Germany, Russia and Ukraine: Supporting the Re-Set of Russian Influence
2014-01-31 Ukraine is currently in upheaval. The Russians are pressuring Ukraine to stay in their orbit.
Yet many Ukrainian citizens wish to expand their relationship with the West and with the European Union.
Is Ukrainian sovereignty the key driver for Western support? Or is it concerns for supporting Russia’s sphere of influence?
This plays out in part as expanding the role of Ukraine within the European Union or consolidating the Russian customs union.
The choice for the German government seems to be the second, not the first.
Dr. Harald Malmgren in his continuing analyses of the Euro crisis and the role of the German government has made the point repeatedly that Germany is expanding its relationship with Russia as part of its overall geopolitical re-direction.
There are three key actors that will by their actions re-shape the European map.
The first will be Germany. The Germans will be key players in re-shaping the Euro and downsizing the Euro zone to what might be called the Ger-Euro. The economic and political weight of Germany will go up as the Euro crisis goes on; and the weight of German influence will be to re-shape the Euro zone into a more cohesive, “responsible” and integrated “core.”
But this is a united Germany, which is shaping a Euro-cohesive process, not a divided Germany, which had to accept the dictate of smaller European powers to gain an end of national division. It is a Germany, which already recognizes growing intertwining of its future with Russia and the Far East. It is a Germany already pivoting East.
As Valentina Pop has written in a recent EU Observer piece on Germany and the Eastern Partnership:
The EU was wrong not to have analyzed possible conflicts with Russia before offering the so-called Eastern Partnership to countries like Ukraine, Gernot Erler, Germany’s new chief of relations with Russia and the eastern neighborhood told journalists in Berlin on Thursday (30 January).
Barely a day in his new job, he said that being labeled as “someone who understands Russia” does not offend him.
Unlike his predecessor, Andreas Schockenhoff, who did not shy away from harshly criticizing the Kremlin on human rights, Erler says it is important to take into account Moscow’s concerns – be they legitimate or not – about the West.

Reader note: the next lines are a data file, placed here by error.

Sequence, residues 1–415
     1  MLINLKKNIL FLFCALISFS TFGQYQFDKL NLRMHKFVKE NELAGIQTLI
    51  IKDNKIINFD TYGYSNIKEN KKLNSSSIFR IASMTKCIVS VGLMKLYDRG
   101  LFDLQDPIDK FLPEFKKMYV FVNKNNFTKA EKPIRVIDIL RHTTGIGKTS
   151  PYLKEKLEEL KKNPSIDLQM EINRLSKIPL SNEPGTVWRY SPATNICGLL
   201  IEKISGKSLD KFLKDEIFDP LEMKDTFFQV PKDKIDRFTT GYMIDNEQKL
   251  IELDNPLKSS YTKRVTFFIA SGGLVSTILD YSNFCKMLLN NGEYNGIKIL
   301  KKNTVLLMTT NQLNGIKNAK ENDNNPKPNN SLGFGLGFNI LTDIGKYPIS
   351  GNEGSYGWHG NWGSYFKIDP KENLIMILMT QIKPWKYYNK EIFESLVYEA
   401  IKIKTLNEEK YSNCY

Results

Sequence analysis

His appointment was a concession made by Chancellor Angela Merkel to her Social-Democratic coalition partners, who claimed the foreign ministry in the coalition government.
Erler, who will turn 70 this year, is a fluent Russian speaker and is seen favorably in Moscow. A close ally of German foreign minister Frank-Walter Steinmeier – himself a Russophile – Erler was the mastermind behind the idea of a “modernization partnership” with Russia, or, seeking democratization through increased economic ties…..
“If there is a conflict between a Russian Customs Union and the Eastern Partneship. We need a solution as quickly as possible, because this is not only about Ukraine. Moldova and Georgia have finished the negotiations and want to sign the agreement this summer. How will Russia act if that happens?” Erler asked.
“We have to ensure there is no tension between the Eastern Partnership and the Russian Customs Union,” he noted….
If countries like Ukraine, Georgia and Moldova enter a “deep free trade agreement” with the EU, as currently envisaged by the Eastern Partnership, Moscow fears that these markets will be flooded with cheap Western products, which would undermine Russian exports.
Along with developments in the Mediterranean from Cyprus, to Syria to Iran, the Russian role is clearly expanding in the Euro-Med region.
Re-establihsing its role in Ukraine would be another step in the re-set of the Russian power position.
Editor’s Note: With Russia playing a central role in both Syria and Iran and shaping arms control agreements, the revelation of a clear violation of the INF treaty ought to raise some fundamental questions about HOW the Russians are playing out their role.
One should note that the violations date from the time when the Russians crushed Georgia which suggests a clear policy shift in favor of an effort to expand influence at the expense of the West.